A short walk to Els Sortidors del Parlament where craft vermouth, with ice, a slice of orange and olive led the way to smoked sardines and roasted vegetables. Then three minutes to Anardi where I had local cider. I gorged on various pinchos, a combination of olives, chili and anchovy. Number four bar was El Sortidor de la Filomena Pages, named after the first public water fountain available in Barcelona in the square outside. Opened in 1908, it is one of the oldest bars in the city. I enjoyed a craft beer and raw tuna before retiring to the Cal Marino where our guide Zoltan demonstrates the old tradition of drinking from a porron, a cross between a wine pitcher and a watering can. Of course I tried - and headed home with a T-shirt soaked with moscatel.
My next three days were spent skiing, snow walking and eating, apart from one ill-fated hour spent hanging from ropes in one of those adventure playgrounds. In skiing I am a bit better than an 18 handicapper. I will not be chancing my luck on the black runs.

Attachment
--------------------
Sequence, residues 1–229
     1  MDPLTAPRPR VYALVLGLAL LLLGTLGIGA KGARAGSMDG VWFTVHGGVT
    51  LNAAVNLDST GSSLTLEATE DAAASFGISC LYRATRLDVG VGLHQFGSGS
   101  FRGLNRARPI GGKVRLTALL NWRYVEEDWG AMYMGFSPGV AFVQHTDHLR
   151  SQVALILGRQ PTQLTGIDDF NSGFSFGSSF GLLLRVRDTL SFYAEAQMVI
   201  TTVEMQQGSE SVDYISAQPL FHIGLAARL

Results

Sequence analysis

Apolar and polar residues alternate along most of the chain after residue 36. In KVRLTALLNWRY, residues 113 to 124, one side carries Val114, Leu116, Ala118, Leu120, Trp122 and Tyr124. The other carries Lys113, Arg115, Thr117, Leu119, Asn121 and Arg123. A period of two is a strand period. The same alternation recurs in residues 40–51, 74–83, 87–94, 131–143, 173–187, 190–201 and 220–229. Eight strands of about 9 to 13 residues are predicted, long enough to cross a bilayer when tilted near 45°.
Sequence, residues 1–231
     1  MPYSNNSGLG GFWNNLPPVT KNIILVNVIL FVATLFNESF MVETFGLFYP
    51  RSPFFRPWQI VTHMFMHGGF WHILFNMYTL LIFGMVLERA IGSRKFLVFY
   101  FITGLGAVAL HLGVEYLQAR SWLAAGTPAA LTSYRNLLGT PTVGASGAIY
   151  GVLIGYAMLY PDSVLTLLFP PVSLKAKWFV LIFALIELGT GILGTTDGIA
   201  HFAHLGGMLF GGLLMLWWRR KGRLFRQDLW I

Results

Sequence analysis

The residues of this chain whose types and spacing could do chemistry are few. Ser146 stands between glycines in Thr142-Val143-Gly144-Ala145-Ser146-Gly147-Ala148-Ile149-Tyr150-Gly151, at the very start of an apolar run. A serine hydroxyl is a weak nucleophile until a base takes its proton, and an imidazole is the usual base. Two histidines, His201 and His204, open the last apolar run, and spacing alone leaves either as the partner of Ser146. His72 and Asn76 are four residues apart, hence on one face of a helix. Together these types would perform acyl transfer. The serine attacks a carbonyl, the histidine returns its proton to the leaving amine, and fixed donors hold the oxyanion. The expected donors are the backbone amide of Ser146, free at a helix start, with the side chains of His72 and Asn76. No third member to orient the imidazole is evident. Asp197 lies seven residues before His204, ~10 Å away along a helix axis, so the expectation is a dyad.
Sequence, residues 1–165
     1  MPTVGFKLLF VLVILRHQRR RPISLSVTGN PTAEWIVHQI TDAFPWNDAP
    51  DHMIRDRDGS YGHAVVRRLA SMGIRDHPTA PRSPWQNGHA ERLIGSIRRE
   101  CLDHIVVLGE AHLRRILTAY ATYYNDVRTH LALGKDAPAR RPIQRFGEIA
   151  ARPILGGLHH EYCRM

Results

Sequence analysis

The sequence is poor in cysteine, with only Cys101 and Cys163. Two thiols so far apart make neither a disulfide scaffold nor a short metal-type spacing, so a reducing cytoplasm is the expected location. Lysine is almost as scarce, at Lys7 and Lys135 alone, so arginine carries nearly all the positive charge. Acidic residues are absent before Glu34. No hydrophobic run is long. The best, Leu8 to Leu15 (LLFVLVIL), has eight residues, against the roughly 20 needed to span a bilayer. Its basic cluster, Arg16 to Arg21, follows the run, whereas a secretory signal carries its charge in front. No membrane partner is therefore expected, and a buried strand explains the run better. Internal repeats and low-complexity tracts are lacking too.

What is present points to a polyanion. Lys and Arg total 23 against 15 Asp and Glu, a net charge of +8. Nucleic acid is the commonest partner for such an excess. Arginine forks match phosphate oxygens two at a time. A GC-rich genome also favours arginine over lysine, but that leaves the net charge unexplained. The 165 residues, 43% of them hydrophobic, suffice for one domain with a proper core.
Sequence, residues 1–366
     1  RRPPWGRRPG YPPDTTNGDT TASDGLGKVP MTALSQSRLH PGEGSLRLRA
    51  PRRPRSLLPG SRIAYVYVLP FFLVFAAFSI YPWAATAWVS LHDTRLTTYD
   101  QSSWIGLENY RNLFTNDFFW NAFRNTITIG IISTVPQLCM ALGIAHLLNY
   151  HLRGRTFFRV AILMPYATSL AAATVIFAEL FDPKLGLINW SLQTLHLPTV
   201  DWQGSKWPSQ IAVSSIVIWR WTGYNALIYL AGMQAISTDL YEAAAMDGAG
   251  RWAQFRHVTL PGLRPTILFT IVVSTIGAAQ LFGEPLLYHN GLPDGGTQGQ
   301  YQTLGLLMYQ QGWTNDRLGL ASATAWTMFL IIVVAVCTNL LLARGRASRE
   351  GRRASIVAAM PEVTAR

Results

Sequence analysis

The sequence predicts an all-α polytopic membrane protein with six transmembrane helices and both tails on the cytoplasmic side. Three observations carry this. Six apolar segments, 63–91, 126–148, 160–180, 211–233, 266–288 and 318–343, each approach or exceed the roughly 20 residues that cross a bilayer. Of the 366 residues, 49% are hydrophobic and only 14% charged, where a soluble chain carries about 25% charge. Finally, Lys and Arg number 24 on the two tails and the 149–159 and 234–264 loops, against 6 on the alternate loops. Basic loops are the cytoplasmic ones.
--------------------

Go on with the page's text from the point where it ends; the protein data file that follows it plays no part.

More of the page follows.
We drove to the Cerdanya Eco Resort in Prullans via a great 5km tunnel. I settled into my room with a view in the comfortable Hotel Muntanya. Catalonia, I was to discover in a number of hotels, has the best pillows in the world.
They broke me in gently with a very pleasant guided mountain snow shoe walk in nearby Lles. Gentle exertion completed, lunch comprised pumpkin soup with cheese and ham. Really it was more like delicious lumps of pork belly, and I immediately decided I could try this at home. It was a good preparation for a visit to their sauna and a swim in their indoor/outdoor pool.
I lay looking at the mountains and contemplated the night skiing that was ahead of me with that apprehension you feel on doing anything for the first time. I need not have worried. They know what they are doing. This resort (www.masella.com) has 65 pistes, more than 53km of snow to ski, of which 10km and 13 pistes are lit at night.
I worked up an appetite and that led us to the nearby Pyrenean town confusingly called Alp.
Every now and again the world provides you with a wonderful restaurant surprise, and for me it was Restaurant Ca l'Eudald, part of a 33-room hotel. This was seven (yes seven) courses of sublime food each introduced by the owner and accompanied with wines of his choice. Keep this in mind. You could have walked in off the street and eaten this feast and had change from €40.